photo credit: Blair Sneddon Photography
Is your Beer and Wine Vegan? Is this really a necessary question to ask? Actually…yes it is. The days of brewing beer with whole chickens dumped into the mixture for flavor may be few and far between, but animal by products may still be used in the fermentation or filtration processes of your favorite adult beverage.
I am posting this because, as a vegetarian myself, I was seriously surprised I would need to check on this before purchasing a nice bottle of Pinot. This wonderful website is devoted to sorting through each wine and beer company and listing those that are vegan or vegetarian. Many favorites make the cut…so don’t panic just yet!
Excessive drinking is NOT good for your skin. The main reasons are that excessive alcohol puts a strain on your body’s digestive system, causes a build up of toxins, causes a huge sugar surge and inflammation – all of which can negatively affect your skin. However, studies have shown that when red wine and certain beers are enjoyed in small amounts, they can actually be good for heart health and skin health. Red wine alone contains resveratrol and extra polyphenols that can boost skin radiance. Beer contains biotin, B12, and other nutrients that are known to be beneficial to skin health. Beer also contains a decent amount of yeast – brewer’s yeast to be specific. This yeast has softening and clearing effects for the skin when used topically:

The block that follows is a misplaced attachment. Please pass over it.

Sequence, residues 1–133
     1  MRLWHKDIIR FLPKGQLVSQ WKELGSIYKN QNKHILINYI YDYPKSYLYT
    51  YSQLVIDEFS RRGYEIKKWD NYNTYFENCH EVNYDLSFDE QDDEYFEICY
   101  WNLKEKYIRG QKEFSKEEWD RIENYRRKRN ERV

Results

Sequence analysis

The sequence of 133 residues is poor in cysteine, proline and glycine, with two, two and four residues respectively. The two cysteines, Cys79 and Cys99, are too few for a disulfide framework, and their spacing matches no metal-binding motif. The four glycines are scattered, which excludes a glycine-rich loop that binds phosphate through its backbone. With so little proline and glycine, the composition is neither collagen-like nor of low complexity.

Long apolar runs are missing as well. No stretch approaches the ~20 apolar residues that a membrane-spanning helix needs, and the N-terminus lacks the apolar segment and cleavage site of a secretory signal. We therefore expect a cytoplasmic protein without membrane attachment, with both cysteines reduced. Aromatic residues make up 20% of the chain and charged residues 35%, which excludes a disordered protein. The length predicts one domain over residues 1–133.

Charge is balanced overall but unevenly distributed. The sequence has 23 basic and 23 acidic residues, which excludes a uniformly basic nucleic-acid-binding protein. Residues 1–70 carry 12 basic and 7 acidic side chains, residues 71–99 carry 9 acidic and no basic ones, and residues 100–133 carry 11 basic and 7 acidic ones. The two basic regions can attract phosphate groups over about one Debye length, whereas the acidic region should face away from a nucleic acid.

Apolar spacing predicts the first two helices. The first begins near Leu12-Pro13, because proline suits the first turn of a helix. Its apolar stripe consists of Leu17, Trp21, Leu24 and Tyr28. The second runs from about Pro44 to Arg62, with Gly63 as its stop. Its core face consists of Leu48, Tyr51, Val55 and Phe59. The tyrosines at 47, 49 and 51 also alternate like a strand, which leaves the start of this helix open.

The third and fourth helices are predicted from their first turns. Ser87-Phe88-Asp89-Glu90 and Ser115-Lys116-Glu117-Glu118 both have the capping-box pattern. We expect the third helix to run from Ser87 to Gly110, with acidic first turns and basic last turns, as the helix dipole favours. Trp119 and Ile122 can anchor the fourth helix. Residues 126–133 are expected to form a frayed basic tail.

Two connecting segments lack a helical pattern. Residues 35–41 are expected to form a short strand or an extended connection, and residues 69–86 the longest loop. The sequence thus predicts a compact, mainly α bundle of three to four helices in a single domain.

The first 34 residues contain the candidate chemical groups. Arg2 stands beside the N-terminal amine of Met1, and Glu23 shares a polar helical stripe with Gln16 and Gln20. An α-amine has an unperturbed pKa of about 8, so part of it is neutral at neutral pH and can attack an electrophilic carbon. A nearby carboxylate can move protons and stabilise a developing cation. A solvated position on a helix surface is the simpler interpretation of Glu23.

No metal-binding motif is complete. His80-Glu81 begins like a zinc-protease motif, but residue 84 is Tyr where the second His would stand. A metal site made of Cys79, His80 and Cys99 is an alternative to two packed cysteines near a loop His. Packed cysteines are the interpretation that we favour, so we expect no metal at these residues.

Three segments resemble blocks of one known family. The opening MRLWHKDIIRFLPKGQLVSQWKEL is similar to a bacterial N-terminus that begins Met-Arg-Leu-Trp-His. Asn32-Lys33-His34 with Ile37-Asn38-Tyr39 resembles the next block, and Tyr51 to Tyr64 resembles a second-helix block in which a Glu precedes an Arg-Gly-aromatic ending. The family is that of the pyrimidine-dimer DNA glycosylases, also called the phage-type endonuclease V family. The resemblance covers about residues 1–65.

In ancient Egypt, long considered the birthplace of beer, women of the upper classes used beer for all sorts of cosmetic and therapeutic purposes, such as to freshen the skin and reduce the risk of skin conditions. 4,000 years later, scientific studies have confirmed that beer sediment (brewer’s yeast) can help improve the symptoms of acne by slowing down sebum production and killing off the bacteria that triggers acne. This component of beer, an inactive yeast that no longer has leavening power, helps maintain a balanced pH level in the skin.
I’ve mentioned before that many alcoholic beverages contain chemical pesticides unless they are labeled ‘organic.’ It is important to note that if you find it important to eat organic grapes, you may want to drink organic wine (especially if you are on the one glass of red wine with dinner bandwagon.) So, if we are looking for organic, why not check and make sure our beverage is vegan too?